Brakemen up: Staqffer, Millet, Me-
Conley Skllcs, Sclilessler, Uraybold,
Flowers, Kline.
Middle Division. —The 25 crew to
go first after 1.30 o'clock: 104, 108, 173,
121, 117, 107, 119, 116, 111, 124, 120,
Engineers for 26, 126.
Firemen for 121, 107, 115. 126.
Conductors for 121, 115. 124.
Flagmen for 25, 108, 116.
Brakemen Mr 104, 108, 123, 121, 126.
Yard Board. —Engineers for 137,
140, 2nd 102, 2nd 104.
Firemen for 137, 2nd 102. 2nd 126.
J 3rd 126, 136.
Engineers up: E. K. Hinkte. Hol
land, J. Winkle, Shaffer, Kipp, Fur
tcnbaugli. McNolley, Harris, Shuey.
Lutz, R. H. Furtenbaugh, Fagley,
Firemen up: Ktpp, Campbell, Metz,
P. M. Martz, Balnbridgc, Hall, Cram
mer, W. G. Martz, Shuey, Redy, Metz,
Wallers, Yeagy, Martin, Weaver.
Middle Division. Engineers up:
!G. W. Lenig, S. H. Alexander, T. B.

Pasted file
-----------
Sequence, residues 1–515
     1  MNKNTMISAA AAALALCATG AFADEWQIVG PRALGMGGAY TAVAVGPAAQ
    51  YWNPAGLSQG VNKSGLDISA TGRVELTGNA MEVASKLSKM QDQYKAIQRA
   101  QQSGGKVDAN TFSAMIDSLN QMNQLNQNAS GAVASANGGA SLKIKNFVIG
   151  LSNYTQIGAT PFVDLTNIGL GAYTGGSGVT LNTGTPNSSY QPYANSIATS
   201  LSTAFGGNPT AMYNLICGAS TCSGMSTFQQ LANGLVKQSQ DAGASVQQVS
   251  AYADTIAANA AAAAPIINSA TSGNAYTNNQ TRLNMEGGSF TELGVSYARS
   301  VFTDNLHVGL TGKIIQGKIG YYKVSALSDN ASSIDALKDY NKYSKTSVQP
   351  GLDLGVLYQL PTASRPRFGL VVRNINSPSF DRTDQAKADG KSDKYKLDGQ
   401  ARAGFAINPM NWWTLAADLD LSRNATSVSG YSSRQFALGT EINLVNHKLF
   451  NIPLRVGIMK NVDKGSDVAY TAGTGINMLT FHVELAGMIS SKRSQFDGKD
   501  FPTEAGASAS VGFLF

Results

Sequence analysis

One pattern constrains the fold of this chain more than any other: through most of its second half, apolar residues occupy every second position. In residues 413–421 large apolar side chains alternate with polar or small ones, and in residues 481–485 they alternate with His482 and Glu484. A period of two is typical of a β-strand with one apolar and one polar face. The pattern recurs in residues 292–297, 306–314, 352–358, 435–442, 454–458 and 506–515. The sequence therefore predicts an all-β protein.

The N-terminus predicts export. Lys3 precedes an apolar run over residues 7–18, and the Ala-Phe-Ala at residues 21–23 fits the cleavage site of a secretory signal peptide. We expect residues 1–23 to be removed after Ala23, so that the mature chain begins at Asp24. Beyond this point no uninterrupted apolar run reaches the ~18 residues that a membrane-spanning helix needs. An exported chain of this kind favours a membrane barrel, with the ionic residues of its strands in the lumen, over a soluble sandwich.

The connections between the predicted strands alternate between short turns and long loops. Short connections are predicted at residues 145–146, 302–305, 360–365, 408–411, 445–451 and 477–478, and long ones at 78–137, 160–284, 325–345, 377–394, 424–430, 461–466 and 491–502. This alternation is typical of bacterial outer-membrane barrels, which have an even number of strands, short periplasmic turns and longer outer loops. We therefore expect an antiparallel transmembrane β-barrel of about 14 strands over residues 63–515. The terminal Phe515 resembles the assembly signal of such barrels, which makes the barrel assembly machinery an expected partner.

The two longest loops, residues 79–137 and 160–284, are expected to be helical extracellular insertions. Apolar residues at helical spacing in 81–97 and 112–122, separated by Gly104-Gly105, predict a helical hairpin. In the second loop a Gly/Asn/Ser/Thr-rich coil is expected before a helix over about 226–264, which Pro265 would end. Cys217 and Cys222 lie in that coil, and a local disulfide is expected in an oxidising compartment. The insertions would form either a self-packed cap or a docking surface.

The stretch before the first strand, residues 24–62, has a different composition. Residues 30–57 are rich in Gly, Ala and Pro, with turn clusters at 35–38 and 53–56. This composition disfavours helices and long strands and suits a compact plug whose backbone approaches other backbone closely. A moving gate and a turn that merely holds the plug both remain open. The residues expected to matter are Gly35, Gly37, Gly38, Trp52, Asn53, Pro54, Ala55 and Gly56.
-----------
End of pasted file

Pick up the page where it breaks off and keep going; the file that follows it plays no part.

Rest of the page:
! Heftner, F. F. Schreck, H. E. Cook,
; W. C. Black, H. M. Euhn, J. K. Arndt.
iW. G. Jamison, W. E. Turbett, J. It.
Turbett, J. H. Ditmer, H J. Johnson, J.
W. Burd, J. W. Smith.
Engineers wanted for P-81, 33, 31
and 11.
Firemen up: A. M. Zeiders, R. F.
Mohler, B. F. Gunderman, H. W.
Fletcher, J. A. Kohr, S. H. Wright. E.
J. Sheesley, J. I. Beisel, R. Simmons,
A. L. Reeder, J. M. Stephens, P. E.
Gross, S. H. Zeiders, R. A. Arnold, R.
D. Porter, H. C. Bender, A. H. Kuntz,
H. W. Snyder.
Firemen wanted for 25, GGS, 47, 19,
35, 11, 15.
Philadelphia Division. Engineers
up: C. H. Seltz, R. B. Welsh, J. C. Da
vis, M. Pleam, E. C. Snow.
Engineers wanted for none.
Firemen up: E. D. McNeal, M. G.
Shaffner, F. L. Floyd, J. S. Len'g, B.
W. Johnson, F. H. Young, W. F. Kear
ney, J. M. Piatt.
Firemen wanted for 44, M-22. 20.
[Continued from First Page.]
cated, and the celebration will be
one of the most spontaneous public
, fetes ever arranged in Harrisburg.
The affair to be a complete suc